Study blazor. Net data binding

Translated from: Study Blazor .NET , reprint, please specify.

Data binding

Unidirectional binding

In blazor, one-way binding is simple and direct without UI refresh or rendering. The following example shows one-way data binding:

//Counter.razor
@page "/counter"

<h1>Counter</h1>
<p>Current count: @currentCount</p>
<button class="btn btn-primary" onclick="@IncrementCount">Click me</button>

@functions {
    int currentCount = 0;
    void IncrementCount()
    {
        currentCount++;
    }
}

Here, the value of @ currentComponent will increase according to the number of Click me buttons< p> The value of the label element is refreshed automatically without any other component.

Bidirectional binding

Blazor provides a variety of options for two-way binding, which is more elegant than some popular JS languages.

Use bindings in the same component

In blazor, the bind feature supports two-way data binding. In the following example, the checkbox uses the bind attribute in the same component:

//TwoWayBind.razor
@page "/two-way-binding"

<input type="checkbox" 
       bind="@updateString" />
<p>This string will get value from above text field : @updateString.ToString()</p>

@functions {
    Boolean updateString {get; set;} = true;
}

Bidirectional data binding can also be implemented using lamda expressions through the onchange feature. Don't worry. Blazor provides a simple method to bind attributes. More details are as follows:

//TwoWayBind.razor
@page "/two-way-binding"

<input type="text" 
       value="@updateString" 
       onchange="@((UIChangeEventArgs __e) => updateString = __e.Value.ToString())"/>

<p>This string will get value from above text field: @updateString</p>

@functions {
    string updateString = "";
}

The bind feature can be extended with value and event bind value - < onwevent >. The above example can be rewritten as follows by using oninput instead of onchange:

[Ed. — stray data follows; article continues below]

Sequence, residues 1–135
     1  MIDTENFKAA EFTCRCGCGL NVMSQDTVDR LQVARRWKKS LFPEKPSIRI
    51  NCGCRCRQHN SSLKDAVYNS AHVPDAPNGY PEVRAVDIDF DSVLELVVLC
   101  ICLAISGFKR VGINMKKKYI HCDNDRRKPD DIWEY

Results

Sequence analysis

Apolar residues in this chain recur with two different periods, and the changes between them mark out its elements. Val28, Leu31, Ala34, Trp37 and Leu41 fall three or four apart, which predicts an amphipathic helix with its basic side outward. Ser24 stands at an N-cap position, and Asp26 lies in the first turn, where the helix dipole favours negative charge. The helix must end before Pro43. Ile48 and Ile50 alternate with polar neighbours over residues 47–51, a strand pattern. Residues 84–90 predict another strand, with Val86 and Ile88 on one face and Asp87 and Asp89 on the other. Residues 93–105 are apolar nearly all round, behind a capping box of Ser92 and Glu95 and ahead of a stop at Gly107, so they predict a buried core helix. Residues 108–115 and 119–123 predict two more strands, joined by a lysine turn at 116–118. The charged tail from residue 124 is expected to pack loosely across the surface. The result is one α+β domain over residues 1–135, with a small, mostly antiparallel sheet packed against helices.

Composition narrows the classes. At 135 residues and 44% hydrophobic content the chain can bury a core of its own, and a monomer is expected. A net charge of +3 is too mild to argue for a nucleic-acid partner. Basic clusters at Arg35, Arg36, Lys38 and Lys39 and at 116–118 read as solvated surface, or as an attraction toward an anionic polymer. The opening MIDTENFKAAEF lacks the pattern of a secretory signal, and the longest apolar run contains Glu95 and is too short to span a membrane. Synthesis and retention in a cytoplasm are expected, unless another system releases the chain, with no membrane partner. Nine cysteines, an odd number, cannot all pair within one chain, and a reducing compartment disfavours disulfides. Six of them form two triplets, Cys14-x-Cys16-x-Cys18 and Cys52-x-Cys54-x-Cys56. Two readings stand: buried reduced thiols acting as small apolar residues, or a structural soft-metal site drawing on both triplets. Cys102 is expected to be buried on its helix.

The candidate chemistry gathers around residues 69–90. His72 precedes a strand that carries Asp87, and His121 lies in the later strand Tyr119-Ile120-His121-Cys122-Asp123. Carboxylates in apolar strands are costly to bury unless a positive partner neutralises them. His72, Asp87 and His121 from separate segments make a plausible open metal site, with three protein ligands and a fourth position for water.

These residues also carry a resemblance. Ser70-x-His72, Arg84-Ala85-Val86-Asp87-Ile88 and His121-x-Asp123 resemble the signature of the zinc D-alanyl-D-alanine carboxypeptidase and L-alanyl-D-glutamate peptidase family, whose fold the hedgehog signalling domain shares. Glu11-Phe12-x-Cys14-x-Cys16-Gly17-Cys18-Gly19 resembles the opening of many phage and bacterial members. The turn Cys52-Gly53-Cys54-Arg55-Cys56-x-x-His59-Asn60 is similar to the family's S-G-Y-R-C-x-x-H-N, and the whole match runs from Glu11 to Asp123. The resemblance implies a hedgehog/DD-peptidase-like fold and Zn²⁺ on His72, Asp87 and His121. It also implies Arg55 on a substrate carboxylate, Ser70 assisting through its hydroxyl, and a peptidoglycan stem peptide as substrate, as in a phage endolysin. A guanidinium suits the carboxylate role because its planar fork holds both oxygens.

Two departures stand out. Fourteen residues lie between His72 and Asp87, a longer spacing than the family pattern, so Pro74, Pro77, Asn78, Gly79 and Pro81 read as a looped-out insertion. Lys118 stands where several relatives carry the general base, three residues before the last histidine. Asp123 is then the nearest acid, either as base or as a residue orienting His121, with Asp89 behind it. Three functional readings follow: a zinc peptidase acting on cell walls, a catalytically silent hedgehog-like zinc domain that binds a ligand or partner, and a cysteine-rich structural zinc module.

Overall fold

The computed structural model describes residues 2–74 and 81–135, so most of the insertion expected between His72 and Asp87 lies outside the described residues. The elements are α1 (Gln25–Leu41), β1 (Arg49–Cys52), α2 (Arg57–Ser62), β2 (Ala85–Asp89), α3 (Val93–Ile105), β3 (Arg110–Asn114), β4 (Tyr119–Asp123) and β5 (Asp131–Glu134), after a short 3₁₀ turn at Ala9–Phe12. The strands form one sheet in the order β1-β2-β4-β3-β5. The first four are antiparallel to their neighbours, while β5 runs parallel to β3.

//TwoWayBind.razor
@page "/two-way-binding"

<input type="text" 
       bind-value-oninput="@updateString" />
<p>This string will get value from above text field : @updateString</p>

@functions {
    string updateString = "";
}

Binding between different components

Method 1

The data transferred between components is completed through component attributes and their attribute mapping. This method uses the action < title > data type.

//ParentComponent.razor
<h3> Parent Component</h3>
<p>String in Parent: @parentString</p>
<button onclick="@PassToChild">Pass String To Child</button>

<ChildComponent 
        ToChild=@parentString
        FromChild=@ReceivedFromChild>    
</ChildComponent>

@functions{
    private string parentString = "Initial Parent String";
    private void PassToChild()
    {
        parentString += "- To Child";
    }
    private void ReceivedFromChild(string str)
    {
        parentString = str;
        StateHasChanged();
    }
}
//ChildComponent.razor
<h4>Child Component</h4>
<button onclick="@PassToParent">Pass String to Parent</button>